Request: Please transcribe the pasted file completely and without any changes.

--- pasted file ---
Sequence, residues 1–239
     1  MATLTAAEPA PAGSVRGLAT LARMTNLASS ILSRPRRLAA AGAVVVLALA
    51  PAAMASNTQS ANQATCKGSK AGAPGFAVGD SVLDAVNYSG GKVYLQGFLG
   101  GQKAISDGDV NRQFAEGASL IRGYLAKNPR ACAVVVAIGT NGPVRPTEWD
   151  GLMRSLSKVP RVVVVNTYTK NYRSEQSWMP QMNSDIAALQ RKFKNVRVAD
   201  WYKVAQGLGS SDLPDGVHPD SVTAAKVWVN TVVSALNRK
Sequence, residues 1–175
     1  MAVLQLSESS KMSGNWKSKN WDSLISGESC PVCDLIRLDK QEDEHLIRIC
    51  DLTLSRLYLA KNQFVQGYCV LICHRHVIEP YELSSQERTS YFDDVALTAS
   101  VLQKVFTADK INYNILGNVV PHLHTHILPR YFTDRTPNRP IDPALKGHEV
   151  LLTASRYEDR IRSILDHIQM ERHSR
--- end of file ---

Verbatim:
Sequence, residues 1–239
     1  MATLTAAEPA PAGSVRGLAT LARMTNLASS ILSRPRRLAA AGAVVVLALA
    51  PAAMASNTQS ANQATCKGSK AGAPGFAVGD SVLDAVNYSG GKVYLQGFLG
   101  GQKAISDGDV NRQFAEGASL IRGYLAKNPR ACAVVVAIGT NGPVRPTEWD
   151  GLMRSLSKVP RVVVVNTYTK NYRSEQSWMP QMNSDIAALQ RKFKNVRVAD
   201  WYKVAQGLGS SDLPDGVHPD SVTAAKVWVN TVVSALNRK
Sequence, residues 1–175
     1  MAVLQLSESS KMSGNWKSKN WDSLISGESC PVCDLIRLDK QEDEHLIRIC
    51  DLTLSRLYLA KNQFVQGYCV LICHRHVIEP YELSSQERTS YFDDVALTAS
   101  VLQKVFTADK INYNILGNVV PHLHTHILPR YFTDRTPNRP IDPALKGHEV
   151  LLTASRYEDR IRSILDHIQM ERHSR